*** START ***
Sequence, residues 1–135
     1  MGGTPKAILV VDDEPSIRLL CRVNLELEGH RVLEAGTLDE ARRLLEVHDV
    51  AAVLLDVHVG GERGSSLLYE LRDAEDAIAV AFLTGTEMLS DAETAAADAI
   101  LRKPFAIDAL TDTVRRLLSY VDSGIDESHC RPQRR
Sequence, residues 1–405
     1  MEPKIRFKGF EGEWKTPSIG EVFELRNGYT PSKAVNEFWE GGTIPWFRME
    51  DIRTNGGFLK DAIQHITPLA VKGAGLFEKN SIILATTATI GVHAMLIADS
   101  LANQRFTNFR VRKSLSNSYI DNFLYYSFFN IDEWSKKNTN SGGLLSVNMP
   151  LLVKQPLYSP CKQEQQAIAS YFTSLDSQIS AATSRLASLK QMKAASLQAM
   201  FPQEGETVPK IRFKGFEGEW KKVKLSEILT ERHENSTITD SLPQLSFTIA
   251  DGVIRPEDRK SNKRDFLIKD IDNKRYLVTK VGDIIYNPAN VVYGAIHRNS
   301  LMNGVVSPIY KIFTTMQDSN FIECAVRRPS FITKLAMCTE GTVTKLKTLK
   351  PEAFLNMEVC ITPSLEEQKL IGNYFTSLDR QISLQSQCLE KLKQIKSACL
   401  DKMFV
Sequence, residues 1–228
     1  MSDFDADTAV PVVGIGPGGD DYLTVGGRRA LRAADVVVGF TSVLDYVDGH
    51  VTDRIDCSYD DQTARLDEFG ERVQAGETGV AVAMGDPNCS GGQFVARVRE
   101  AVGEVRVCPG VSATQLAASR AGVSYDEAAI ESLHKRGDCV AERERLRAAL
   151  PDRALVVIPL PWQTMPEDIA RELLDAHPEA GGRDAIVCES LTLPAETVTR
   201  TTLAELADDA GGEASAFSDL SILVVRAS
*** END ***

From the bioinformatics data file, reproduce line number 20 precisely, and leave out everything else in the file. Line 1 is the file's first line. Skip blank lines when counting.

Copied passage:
   201  TTLAELADDA GGEASAFSDL SILVVRAS